Members of the Parliament
MEPs are directly elected representatives of the European citizens. As well as in the national parliaments, MEPs are reunited in factions which work following their political orientation and not their nationality.
MEPs debate the Commission’s and Council’s proposals. They are supported by their faction but they have to respect the willing of their national parties anyway. This can lead to a conflict of interests within the factions that represents sometimes an obstacle to the achievement of a common position. Despite every faction tries to follow a common idea, some MEPs who do not agree with the final position, can vote differently from their party.
As a Member of the European Parliament, you should work together with your faction colleagues in order to achieve a common agreement within your party and thus reach the majority in the Parliament.
Within the political parties, faction leaders are elected during the first day of the simulation. Faction leaders have to organize and coordinate the work of the party, such as the writing of the amendments to the legislative proposal. At the beginning of the debate about every proposal, faction leaders give an introductory speech clarifying their faction’s position.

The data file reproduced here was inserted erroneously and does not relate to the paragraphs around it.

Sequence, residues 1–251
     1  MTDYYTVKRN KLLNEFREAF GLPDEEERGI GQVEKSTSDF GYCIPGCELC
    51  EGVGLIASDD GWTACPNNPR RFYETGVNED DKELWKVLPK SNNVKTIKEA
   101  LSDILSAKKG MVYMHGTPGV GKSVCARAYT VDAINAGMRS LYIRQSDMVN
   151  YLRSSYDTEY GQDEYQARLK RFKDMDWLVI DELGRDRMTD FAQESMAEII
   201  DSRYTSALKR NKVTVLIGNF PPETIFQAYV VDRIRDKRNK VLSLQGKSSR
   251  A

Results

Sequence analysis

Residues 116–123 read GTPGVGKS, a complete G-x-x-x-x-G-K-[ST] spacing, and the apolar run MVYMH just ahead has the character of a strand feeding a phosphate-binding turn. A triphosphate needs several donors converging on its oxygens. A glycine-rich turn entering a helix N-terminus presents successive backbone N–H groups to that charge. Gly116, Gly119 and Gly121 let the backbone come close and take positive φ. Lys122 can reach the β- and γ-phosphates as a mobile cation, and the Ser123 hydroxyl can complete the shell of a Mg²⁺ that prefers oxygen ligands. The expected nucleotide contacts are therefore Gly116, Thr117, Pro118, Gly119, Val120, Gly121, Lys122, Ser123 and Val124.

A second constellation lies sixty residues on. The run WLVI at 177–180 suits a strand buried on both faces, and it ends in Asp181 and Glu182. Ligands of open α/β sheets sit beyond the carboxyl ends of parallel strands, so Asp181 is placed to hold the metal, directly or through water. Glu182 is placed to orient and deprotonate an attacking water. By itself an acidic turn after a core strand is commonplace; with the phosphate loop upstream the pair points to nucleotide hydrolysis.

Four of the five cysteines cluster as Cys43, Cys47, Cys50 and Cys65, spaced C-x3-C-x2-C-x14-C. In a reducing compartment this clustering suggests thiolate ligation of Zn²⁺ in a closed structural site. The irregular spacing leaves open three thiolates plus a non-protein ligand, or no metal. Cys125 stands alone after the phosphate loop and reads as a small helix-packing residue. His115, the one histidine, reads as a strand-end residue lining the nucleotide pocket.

Competent Ministers of the 28 national government meet up in the Council of the European Union to discuss and decide about political and legislative issues. During Meuregio, Ministers discuss, amend and vote the legislative proposal introduced by the Commission.
Ministers represent national interests and their number of votes is proportional to the dimension of the represented Member State.
This will make the debate even more exciting, due to the fact that an amendment needs a qualified majority in order to pass. So, to reach their aim, ministers have to form coalitions, through formal discussions and private chats with other ministers.
Moreover, the Council has to find an agreement with the European Parliament in order to make a law pass. For this reason, it is very important that the negotiations with the Parliament will be productive.
Journalists follow the events of the Council and the Parliament choosing and filtering facts and news that are relevant for the participants and the audience. They gather as much information as possible during coffee breaks and social events through interviews and press conferences.
Afterward, they publish a newspaper to make all the participants aware of what is going on. Journalists do also use social media, pictures and videos to make Meuregio even more remarkable! Journalists have to be well prepared about the proposals too.